Zoroastrianism: Zoroastrianism is a small religious community, with its population base centered around Mumbai, established by Zarathustra in the 6th or 7th century BC. The followers are called Parsis because they came from Persia, now Iran, from where they were exiled in the 7th century AD because of religious persecutions by the Muslims. They traveled by sea, arriving in the coastal state of what is now called Gujarat in Western India.

The Parsis believe in the existence of one invisible God. They believe that there is a continuous war between the good forces (forces of light), exemplified by good deeds, thought and speech and the evil forces (forces of darkness). God is represented in their temples through fire, which symbolizes light and believe that fire, water, air and earth are pure elements to be preserved. The holiest place for them is the village of Udvada in Gujarat, India.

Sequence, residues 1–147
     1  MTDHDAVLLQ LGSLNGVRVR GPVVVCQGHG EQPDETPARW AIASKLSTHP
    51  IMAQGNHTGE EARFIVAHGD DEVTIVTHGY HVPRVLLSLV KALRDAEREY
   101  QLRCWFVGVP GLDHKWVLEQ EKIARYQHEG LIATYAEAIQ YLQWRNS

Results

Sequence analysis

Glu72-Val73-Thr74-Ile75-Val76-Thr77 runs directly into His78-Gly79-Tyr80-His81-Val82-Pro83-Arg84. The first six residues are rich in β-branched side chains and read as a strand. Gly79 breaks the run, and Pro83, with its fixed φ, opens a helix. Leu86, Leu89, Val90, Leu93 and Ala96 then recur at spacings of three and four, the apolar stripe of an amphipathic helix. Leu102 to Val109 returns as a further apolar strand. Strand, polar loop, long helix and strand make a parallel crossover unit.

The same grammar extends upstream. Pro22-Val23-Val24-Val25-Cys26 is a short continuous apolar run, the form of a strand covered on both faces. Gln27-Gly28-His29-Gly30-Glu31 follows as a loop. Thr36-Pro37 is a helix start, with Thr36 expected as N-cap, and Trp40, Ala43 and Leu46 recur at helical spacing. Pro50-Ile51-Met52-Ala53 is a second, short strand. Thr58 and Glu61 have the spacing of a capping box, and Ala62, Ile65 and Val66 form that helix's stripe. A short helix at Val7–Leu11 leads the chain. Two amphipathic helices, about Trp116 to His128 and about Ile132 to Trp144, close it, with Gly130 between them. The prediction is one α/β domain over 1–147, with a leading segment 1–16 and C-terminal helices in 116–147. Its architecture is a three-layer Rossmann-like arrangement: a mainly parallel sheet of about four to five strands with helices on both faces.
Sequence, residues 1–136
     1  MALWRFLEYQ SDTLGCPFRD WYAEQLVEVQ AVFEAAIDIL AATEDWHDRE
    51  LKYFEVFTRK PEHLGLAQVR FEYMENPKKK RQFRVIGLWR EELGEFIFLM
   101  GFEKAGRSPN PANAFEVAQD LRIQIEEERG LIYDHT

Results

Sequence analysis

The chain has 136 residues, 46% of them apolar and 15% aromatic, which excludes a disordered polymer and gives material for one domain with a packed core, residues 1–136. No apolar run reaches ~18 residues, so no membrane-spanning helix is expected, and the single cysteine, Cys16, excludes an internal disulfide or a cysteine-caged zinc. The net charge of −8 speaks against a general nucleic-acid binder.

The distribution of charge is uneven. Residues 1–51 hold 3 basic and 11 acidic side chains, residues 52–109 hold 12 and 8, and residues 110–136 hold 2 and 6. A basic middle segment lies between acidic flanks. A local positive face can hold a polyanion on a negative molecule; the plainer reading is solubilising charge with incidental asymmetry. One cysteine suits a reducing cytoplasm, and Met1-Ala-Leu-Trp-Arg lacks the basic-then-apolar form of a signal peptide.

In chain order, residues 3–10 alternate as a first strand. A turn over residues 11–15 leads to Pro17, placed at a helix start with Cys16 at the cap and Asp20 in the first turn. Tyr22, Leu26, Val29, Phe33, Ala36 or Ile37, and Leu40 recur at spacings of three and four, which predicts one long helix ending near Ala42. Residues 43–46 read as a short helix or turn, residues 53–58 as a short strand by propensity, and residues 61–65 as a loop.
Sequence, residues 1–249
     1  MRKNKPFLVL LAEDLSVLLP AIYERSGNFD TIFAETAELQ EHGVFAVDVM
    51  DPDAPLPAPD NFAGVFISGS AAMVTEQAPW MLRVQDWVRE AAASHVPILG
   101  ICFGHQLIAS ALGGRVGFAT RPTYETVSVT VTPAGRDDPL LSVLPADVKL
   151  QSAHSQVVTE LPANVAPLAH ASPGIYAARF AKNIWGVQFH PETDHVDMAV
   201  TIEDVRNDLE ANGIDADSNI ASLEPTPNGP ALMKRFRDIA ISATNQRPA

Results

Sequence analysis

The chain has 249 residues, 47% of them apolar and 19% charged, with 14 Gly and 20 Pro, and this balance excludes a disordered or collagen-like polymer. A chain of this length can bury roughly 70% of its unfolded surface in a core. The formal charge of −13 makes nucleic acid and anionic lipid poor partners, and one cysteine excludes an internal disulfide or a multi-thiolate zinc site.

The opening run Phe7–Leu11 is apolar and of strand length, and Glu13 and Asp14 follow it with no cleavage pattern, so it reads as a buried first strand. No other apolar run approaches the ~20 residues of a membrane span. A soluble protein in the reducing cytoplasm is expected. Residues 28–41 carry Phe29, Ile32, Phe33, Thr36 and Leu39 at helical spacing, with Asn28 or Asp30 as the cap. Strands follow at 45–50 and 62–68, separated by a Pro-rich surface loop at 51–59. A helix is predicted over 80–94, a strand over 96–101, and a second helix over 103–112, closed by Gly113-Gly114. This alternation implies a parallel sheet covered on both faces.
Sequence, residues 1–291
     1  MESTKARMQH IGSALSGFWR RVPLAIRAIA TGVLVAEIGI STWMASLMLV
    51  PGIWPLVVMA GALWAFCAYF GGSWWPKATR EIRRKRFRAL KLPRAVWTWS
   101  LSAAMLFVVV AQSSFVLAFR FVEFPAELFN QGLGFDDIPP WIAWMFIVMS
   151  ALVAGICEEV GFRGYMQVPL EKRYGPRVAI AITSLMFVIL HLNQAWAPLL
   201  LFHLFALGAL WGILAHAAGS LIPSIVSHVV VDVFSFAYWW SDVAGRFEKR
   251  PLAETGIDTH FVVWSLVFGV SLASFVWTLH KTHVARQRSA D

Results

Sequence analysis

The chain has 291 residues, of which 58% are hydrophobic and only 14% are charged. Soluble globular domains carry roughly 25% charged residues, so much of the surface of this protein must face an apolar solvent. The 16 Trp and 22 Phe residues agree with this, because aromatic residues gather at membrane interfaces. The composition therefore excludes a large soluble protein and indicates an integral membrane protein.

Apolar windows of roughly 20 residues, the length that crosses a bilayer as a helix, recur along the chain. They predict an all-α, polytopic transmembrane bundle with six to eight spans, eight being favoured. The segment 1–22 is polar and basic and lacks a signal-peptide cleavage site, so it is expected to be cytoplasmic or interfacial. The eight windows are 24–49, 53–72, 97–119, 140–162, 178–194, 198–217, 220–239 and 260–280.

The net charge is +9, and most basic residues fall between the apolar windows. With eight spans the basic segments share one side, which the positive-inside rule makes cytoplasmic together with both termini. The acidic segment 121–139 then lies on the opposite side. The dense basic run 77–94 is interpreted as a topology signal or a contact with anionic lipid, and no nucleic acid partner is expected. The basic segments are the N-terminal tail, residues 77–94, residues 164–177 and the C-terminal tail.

The Parsis are a close knit community numbering about 0.01% of India's population, however, they have contributed more to India than perhaps any other minority. Some Parsis were founders of the Indian Nationalist movement (for freedom from the British); they established modern Indian industry; they have been benevolent and have contributed enormously to establish charitable and such institutions in India, and they continue to oversee some of the bigger finance houses in India.